Lincoln City Cultural Center
By Niki Price, LCCC Executive Director
Yes, it was an art installation. But here in Lincoln City, the "For the Seventh Generation" pano-mural was also a piece of performance art, a tourist attraction, and a tour of the Pacific Coast. It was a visual discussion of what is temporary and what is permanent, the need for conservation and the role of the artist in our society. For five days in July 2021, John Teply and the Elisabeth Jones Art Center transformed the grounds of the Lincoln City Cultural Center into a vibrant and remarkable outdoor gallery.
When it came to our Oregon Coast town, the pano-mural was nearly 1/3 of a mile long. Attached to temporary fencing, the paintings traveled across the lawns from east to west, north to south, and then north again, with scenes of our own beloved Oregon beaches displayed just a few feet from busy Highway 101. I saw hundreds of reactions, displayed by people on foot, on bikes and in cars - they stared, they pointed, they nudged their companions and smiled at one another. More than once, I was lucky enough to be standing beside a visitor at the very moment of recognition, the instant they saw "their" beach, as rendered by someone else who loves that beach.
The installation of the "For the Seventh Generation" mural was not an easy endeavor for our two small nonprofits. We spent hundreds of collective hours unpacking, hanging, adjusting, explaining and guarding the paintings, through unseasonable wind and cold. But more than once, as I stood amidst these paintings and the constant flow of visitors, I was moved to ponder the familiar phrase "a work of art." The definition has expanded for me. What is art but evidence of work, of human effort, trial and error, persistence? This is not just true of beautiful paintings, but also of temporary art installations, poetry readings and film festivals, all part of the "For the Seventh Generation" project.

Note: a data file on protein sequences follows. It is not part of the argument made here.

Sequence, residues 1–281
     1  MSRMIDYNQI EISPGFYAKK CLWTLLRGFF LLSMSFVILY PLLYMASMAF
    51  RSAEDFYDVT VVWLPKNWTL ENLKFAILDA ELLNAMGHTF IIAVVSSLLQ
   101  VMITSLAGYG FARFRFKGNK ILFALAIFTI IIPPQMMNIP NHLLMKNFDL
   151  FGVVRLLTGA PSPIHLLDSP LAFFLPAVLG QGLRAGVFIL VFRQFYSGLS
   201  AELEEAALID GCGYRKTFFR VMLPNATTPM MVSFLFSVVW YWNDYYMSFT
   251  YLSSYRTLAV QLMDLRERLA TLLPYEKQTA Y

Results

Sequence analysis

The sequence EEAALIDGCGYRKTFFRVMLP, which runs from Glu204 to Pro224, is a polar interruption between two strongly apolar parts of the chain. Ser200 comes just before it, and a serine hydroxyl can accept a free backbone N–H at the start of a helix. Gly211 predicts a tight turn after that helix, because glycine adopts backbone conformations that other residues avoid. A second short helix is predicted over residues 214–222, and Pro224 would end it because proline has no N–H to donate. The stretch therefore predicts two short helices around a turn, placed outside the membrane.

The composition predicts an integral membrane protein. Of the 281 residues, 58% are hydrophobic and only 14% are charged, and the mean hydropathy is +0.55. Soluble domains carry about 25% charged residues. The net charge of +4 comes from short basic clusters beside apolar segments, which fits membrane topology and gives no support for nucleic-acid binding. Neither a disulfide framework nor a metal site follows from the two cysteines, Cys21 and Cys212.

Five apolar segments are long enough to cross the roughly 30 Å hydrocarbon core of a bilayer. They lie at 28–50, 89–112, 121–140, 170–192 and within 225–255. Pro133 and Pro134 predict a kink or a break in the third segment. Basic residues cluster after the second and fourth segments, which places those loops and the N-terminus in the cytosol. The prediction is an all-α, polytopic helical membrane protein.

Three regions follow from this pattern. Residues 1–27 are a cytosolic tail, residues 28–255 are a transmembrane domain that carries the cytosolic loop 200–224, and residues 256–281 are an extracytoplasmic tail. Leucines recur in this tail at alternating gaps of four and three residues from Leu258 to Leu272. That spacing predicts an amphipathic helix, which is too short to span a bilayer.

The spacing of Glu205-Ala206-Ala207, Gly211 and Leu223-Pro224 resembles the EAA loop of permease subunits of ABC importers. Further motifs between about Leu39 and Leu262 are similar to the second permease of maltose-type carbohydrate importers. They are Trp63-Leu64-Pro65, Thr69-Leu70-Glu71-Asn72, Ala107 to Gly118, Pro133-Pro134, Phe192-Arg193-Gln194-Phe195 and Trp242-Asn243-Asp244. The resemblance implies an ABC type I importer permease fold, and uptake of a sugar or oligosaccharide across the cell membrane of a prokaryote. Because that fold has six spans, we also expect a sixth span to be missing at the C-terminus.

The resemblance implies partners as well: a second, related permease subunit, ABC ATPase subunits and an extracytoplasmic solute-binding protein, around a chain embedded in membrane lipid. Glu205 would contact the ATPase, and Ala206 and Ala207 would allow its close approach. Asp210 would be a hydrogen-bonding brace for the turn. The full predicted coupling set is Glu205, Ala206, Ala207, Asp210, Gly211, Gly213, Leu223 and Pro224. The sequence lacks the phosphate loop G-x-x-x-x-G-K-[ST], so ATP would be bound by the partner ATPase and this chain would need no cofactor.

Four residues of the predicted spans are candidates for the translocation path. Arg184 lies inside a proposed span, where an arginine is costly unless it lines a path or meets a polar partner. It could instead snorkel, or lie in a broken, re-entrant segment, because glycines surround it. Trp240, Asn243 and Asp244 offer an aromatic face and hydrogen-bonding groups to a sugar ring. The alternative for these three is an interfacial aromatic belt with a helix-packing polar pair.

At its heart, "For the Seventh Generation" is about work: the crucial task of protecting special places in California, Oregon and Washington, for the next 100 years. We at the Cultural Center were inspired by the founder's call to document and preserve every mile, and to make decisions on behalf of people we will never meet. We intend to be here, a century from now, to host the 2021 pano-mural and celebrate the project's success.
LCCC Executive Director